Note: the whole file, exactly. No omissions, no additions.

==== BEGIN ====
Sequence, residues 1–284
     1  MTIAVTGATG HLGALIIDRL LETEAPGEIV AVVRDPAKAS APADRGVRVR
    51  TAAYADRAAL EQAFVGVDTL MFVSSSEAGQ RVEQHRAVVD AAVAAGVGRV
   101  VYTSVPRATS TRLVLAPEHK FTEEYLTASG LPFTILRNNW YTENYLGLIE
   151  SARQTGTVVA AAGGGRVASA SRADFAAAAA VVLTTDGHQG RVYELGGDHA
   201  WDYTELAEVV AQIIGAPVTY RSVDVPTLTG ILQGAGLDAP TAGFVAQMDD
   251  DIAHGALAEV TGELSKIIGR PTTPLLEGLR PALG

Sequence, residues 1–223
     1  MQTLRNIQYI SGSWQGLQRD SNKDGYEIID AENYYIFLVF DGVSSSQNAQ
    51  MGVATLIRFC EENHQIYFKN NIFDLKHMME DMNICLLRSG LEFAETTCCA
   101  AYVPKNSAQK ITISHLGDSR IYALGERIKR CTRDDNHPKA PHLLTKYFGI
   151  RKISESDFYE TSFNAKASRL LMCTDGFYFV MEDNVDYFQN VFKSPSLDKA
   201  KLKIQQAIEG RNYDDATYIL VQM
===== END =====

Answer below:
Sequence, residues 1–284
     1  MTIAVTGATG HLGALIIDRL LETEAPGEIV AVVRDPAKAS APADRGVRVR
    51  TAAYADRAAL EQAFVGVDTL MFVSSSEAGQ RVEQHRAVVD AAVAAGVGRV
   101  VYTSVPRATS TRLVLAPEHK FTEEYLTASG LPFTILRNNW YTENYLGLIE
   151  SARQTGTVVA AAGGGRVASA SRADFAAAAA VVLTTDGHQG RVYELGGDHA
   201  WDYTELAEVV AQIIGAPVTY RSVDVPTLTG ILQGAGLDAP TAGFVAQMDD
   251  DIAHGALAEV TGELSKIIGR PTTPLLEGLR PALG

Sequence, residues 1–223
     1  MQTLRNIQYI SGSWQGLQRD SNKDGYEIID AENYYIFLVF DGVSSSQNAQ
    51  MGVATLIRFC EENHQIYFKN NIFDLKHMME DMNICLLRSG LEFAETTCCA
   101  AYVPKNSAQK ITISHLGDSR IYALGERIKR CTRDDNHPKA PHLLTKYFGI
   151  RKISESDFYE TSFNAKASRL LMCTDGFYFV MEDNVDYFQN VFKSPSLDKA
   201  KLKIQQAIEG RNYDDATYIL VQM